A man without a little gamble in him isn’t worth a damn. That is why Turney Hall has decided to bare his soul — and his scalp — in An Eagle Soars: One Man’s Journey to Baldness in a heroic attempt to make the world a better place for bald men. An Eagle Soars is a hilarious account of Turney’s experience with and musings on male pattern baldness as he learns to accept his own hair loss.
In An Eagle Soars, Turney searches for the meaning of male pattern baldness. He takes a trip to the public library for some insight on many of its aspects, such as scientific (how this genetic condition is a bigot that hates whites more than any other race), psychological (why young bald men may not have any hope with cheerleaders, but still have a shot with cougars), religious (how God thinks bald men are better than lepers, and won’t hesitate to unleash a sleuth of bears on anyone who dares taunt the bald), legal (how the amount of hair on your head could mean the difference between acquittal and a guilty verdict, and if your boss ever says to you, “Let’s take it outside, you bald pussy,” you better take it outside and show him who the real pussy is), and much more!
While there is a stereotype that bald men are less likeable, successful, happy, and confident than their non-balding counterparts, that doesn’t mean they should just give up on life. Instead, An Eagle Soars exhorts those who are losing their hair to accept their destiny and do their damnedest to reverse the stereotypes that plague their kind.
Of course, Turney encountered many bumps along the road to accepting his hair loss. In An Eagle Soars, you will find out how a shower, a car accident, and an ill-advised raise of his hand in journalism class opened his eyes to the world of baldness and made him wish he could jump out of the second story window without breaking an ankle or getting grass stains on his khakis; how he worked tirelessly to hide any signs of male pattern baldness by perfecting a hairstyle known as “the cascade effect;” how he imagines the baldness community is like La Cosa Nostra, and concludes that just because he liked to openly talk about baldness, didn’t mean other people did, and that he didn’t want to get whacked before he was officially recognized as a member; and, how he spent many years taking anxiety-filled trips to the pharmacy to pick up his prescription for Propecia, despite the questionability of the drug’s effectiveness and the resentment he had for the pharmacist as he stood a step above his customers like Wayne Newton performing Danke Schoen at the Borgata. But, Turney eventually decides to say goodbye to Propecia and hello to his fate. Besides, he’s a family man now, and his money is better spent on diapers and matching mink coats for his wife and him.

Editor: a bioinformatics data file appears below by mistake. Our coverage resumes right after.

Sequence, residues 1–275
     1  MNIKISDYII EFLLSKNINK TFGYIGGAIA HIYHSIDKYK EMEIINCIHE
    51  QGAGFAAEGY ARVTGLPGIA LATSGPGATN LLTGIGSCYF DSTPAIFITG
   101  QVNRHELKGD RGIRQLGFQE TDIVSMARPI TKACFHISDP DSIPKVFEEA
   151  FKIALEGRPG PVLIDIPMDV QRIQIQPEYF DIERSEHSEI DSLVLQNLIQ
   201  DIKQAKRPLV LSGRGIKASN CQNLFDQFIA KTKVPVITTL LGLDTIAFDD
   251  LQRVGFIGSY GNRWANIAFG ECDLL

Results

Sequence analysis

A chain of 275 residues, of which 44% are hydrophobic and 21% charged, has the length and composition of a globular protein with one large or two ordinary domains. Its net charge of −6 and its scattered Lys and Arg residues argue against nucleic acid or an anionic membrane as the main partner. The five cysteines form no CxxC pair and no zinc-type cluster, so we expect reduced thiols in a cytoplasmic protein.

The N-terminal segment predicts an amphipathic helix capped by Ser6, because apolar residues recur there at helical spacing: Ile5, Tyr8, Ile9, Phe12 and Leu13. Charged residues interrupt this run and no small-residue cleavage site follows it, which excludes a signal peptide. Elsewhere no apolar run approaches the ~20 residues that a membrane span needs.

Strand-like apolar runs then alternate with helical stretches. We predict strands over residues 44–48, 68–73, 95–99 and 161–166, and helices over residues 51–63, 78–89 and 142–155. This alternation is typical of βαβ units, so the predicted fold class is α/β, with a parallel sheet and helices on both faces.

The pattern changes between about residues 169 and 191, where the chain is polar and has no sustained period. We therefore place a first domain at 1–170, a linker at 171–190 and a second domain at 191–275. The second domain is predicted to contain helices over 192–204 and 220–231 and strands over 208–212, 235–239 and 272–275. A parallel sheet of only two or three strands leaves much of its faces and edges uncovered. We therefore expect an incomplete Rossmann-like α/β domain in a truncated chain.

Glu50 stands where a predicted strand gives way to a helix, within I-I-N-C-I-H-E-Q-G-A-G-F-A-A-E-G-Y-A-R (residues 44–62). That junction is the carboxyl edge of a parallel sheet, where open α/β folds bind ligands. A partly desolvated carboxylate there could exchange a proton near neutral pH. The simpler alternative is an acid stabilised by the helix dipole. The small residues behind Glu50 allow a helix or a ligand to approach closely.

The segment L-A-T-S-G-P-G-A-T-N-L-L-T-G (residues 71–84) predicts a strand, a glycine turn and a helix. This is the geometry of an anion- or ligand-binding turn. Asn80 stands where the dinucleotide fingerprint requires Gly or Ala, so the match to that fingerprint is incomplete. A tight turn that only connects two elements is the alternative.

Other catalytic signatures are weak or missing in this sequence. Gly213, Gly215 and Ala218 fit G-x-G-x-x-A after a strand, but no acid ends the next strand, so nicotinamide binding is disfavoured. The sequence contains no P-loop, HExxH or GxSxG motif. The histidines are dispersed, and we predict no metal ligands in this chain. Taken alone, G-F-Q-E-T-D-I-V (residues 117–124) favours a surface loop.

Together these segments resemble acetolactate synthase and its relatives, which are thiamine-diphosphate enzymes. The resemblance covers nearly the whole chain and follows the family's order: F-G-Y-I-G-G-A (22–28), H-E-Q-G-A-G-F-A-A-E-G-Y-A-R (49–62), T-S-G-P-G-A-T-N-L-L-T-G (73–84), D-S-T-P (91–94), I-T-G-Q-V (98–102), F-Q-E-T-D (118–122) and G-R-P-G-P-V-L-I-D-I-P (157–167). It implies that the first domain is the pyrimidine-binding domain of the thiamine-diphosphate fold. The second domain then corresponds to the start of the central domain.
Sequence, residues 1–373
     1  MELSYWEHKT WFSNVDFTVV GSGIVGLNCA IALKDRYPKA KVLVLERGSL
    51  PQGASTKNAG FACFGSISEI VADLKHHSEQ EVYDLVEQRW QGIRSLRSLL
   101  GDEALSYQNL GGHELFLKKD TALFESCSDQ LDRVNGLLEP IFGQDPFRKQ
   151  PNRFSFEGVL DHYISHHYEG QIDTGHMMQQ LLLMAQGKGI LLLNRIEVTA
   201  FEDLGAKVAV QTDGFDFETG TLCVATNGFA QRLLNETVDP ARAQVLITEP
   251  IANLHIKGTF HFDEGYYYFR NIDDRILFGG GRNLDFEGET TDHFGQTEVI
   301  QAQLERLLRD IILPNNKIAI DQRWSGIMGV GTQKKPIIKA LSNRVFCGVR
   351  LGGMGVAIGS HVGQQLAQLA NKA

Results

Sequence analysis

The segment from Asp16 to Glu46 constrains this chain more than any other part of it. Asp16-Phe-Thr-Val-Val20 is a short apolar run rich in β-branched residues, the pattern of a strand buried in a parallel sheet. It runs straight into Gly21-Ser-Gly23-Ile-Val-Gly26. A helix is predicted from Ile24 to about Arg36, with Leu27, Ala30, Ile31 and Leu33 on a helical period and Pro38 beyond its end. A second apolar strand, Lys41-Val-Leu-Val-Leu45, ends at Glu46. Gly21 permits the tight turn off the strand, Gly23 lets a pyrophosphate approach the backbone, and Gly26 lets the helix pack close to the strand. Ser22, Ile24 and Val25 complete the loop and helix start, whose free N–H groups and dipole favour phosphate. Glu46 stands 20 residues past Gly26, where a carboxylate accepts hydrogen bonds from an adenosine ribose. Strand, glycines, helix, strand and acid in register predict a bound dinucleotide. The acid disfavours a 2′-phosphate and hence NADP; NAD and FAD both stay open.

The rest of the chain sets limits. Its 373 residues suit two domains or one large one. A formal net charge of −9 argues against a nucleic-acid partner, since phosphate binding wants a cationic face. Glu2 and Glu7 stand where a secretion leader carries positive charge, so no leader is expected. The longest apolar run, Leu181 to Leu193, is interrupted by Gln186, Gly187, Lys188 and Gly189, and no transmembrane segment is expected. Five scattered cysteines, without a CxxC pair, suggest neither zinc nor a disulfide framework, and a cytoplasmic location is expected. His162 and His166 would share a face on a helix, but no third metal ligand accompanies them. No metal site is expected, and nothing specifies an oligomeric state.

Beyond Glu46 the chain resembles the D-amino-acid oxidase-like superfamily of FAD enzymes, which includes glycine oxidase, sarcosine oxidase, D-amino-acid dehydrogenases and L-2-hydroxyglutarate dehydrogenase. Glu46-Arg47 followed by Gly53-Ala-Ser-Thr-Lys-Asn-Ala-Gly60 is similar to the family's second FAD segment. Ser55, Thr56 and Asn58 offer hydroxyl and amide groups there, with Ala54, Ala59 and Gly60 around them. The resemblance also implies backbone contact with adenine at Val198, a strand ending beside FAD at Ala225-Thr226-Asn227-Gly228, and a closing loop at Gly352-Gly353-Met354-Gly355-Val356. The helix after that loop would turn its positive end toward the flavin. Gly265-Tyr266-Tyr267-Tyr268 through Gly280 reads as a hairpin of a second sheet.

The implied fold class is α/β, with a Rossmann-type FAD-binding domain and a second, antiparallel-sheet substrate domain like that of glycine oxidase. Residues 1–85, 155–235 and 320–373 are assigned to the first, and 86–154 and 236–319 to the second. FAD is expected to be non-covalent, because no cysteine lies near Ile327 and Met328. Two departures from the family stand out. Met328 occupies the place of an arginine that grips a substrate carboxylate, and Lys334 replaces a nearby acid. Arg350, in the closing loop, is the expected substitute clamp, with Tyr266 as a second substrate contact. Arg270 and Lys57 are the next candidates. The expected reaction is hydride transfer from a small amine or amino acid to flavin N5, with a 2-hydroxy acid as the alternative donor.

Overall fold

In An Eagles Soars, Turney turns to conventional and unconventional sources alike for the strength and wisdom to overcome his fear of going bald. He invites Larry David and Andre Agassi to an imaginary dinner for some grilled cheese sandwiches, tequila, and a boost to his self-esteem; he dusts off his neglected Bible and finds that baldness is all right with God, and thus should be all right with him; he interrupts his bald father as he picks up some valuable cooking tips from Rachel Ray for a paternal perspective on how to make it in the world as a bald man; and he has a chance encounter with a bottle of Jim Beam and a fat lady.
An Eagle Soars provides a unique blend of wit, quirkiness, and searching reflection in order to make light of and offer insight into a genetic phenomenon that affects over 35 million men in this country. Whether you are just starting to lose your hair, completely bald, somewhere in between, or not losing your hair at all, An Eagle Soars will help you realize that baldness isn’t the end of the world and make you laugh along the way. A page-turner and quick read, An Eagle Soars is the perfect complement to an evening of sipping cognac by the fireplace!